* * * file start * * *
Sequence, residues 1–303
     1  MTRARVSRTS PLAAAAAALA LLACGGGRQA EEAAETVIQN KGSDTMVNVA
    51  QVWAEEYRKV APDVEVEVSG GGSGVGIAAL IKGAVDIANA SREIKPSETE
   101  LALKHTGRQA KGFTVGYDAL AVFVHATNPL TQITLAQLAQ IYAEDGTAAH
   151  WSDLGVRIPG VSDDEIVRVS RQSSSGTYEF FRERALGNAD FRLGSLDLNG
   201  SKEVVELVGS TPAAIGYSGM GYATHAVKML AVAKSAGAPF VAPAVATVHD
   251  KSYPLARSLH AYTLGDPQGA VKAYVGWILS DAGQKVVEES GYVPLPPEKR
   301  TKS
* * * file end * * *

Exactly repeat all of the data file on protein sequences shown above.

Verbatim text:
Sequence, residues 1–303
     1  MTRARVSRTS PLAAAAAALA LLACGGGRQA EEAAETVIQN KGSDTMVNVA
    51  QVWAEEYRKV APDVEVEVSG GGSGVGIAAL IKGAVDIANA SREIKPSETE
   101  LALKHTGRQA KGFTVGYDAL AVFVHATNPL TQITLAQLAQ IYAEDGTAAH
   151  WSDLGVRIPG VSDDEIVRVS RQSSSGTYEF FRERALGNAD FRLGSLDLNG
   201  SKEVVELVGS TPAAIGYSGM GYATHAVKML AVAKSAGAPF VAPAVATVHD
   251  KSYPLARSLH AYTLGDPQGA VKAYVGWILS DAGQKVVEES GYVPLPPEKR
   301  TKS